According to the New York Post, a new law protecting underage models was signed on Monday night by New York Governor Andrew Cuomo. The new regulations regarding underage models and young performers create a more structured environment for them. Some of the new regulations include the requirement of having a nurse with pediatric background available at all times, models can’t work earlier than 5 a.m. and no later than 10 p.m. later on school nights and the child’s parent or guardian must set up a trust fund in which employers will directly contribute at least 15 percent gross earning.
While this all sounds like a step in the right direction, my 11 years of experience in the fashion and film industry proves otherwise. Due to these stricter regulations, underage models will lie about their age and will basically do anything to be on the catwalk. They will go to go-sees with forged birth certificates to land the job. This is an industry that is successful because it’s exclusivity. Once you’re in, you’re in.
I do applaud the governor of New York for passing the bill because it is a great idea, but it will not be as successful as people are hoping. Due to the hectic nature of planning and running a runway show, there is no real way for an employer to provide a detailed schedule to give the parent of the young beauties, as per new regulation.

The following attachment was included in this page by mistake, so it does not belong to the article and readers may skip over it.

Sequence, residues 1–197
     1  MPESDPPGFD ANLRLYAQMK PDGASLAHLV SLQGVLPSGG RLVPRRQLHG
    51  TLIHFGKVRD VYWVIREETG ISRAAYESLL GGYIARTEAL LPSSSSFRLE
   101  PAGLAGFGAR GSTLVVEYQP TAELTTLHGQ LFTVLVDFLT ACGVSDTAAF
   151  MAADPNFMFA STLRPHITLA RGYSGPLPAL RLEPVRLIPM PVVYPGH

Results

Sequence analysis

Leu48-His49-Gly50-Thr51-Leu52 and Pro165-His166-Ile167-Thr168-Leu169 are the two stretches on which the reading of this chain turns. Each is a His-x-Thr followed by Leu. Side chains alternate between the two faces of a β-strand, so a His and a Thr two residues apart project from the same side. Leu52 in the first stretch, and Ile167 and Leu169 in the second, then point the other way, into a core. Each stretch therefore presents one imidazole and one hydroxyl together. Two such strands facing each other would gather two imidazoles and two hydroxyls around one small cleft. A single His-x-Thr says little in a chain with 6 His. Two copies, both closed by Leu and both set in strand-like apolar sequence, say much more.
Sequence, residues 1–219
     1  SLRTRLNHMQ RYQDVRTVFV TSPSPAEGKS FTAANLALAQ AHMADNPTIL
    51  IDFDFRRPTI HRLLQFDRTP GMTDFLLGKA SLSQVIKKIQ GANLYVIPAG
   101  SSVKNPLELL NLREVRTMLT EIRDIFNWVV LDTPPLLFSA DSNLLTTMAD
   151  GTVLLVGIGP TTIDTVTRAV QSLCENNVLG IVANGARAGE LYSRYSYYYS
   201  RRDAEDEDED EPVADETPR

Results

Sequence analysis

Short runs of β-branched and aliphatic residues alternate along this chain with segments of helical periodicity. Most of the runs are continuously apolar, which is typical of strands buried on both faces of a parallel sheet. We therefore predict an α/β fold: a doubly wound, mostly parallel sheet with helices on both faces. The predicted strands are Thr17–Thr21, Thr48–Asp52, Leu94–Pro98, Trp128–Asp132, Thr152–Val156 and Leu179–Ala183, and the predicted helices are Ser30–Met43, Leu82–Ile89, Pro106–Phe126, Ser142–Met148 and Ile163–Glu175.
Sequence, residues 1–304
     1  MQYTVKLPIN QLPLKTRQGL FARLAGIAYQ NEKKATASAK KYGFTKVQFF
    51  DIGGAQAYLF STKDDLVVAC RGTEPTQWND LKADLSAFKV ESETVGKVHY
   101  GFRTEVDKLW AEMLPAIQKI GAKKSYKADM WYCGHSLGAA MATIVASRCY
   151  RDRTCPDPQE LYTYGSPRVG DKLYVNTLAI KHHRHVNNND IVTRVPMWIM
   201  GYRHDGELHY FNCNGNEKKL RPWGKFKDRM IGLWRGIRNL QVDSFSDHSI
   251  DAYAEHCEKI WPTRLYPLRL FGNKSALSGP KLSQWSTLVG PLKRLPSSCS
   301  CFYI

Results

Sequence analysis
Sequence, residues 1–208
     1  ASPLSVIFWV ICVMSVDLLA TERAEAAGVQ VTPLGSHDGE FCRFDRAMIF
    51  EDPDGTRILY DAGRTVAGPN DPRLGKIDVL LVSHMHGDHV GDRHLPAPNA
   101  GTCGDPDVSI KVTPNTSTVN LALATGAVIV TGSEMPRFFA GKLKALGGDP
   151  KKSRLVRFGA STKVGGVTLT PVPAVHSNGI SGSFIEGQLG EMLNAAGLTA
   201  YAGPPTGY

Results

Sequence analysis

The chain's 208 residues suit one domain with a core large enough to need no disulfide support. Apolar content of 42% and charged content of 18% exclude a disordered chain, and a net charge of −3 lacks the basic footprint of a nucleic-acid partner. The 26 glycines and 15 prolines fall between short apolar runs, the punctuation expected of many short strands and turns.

Runway shows are chaotic behind the scenes. Everyone is running around like a very chic chicken with its head cut off. Steamers are fogging up the models’ make-up causing an almost castrophic scene. How in all this mayhem is a designer supposed to clear off a seamstress’s table so a tall 13-year-old can do her algebra homework? Plus, most of these kids are homeschooled, so this regulation is kind of pointless. A designer or modeling company won’t hire a model if she can’t work Wednesday afternoons because she needs to do her biology labs.
The idea behind this law is good on paper. There should be stricter regulations for not only children, but also adults, in the fashion and film industry. Mainly, these industries cater to the crazy and unstable so rules are always a good thing. Unfortunately and fortunately, it is the mentally unstable that make these billion dollar industries. Success will only be achieved if there are people specifically appointed to each fashion house or designer to ensure these regulations are followed.
Until there are HR departments whose main job is to run an office smoothly for the fashion empire, underage models and designers will be working around the very loose structure of supervision of child labor laws. But there is hope. There will some designers who make it their mission to hire above the legal age. We can only sit and wait until spring Fashion Week in February.
Follow Jacklyn Maza on Twitter: @jbizzmazzz
As published in the Nov. 14 issue of the Pepperdine Graphic.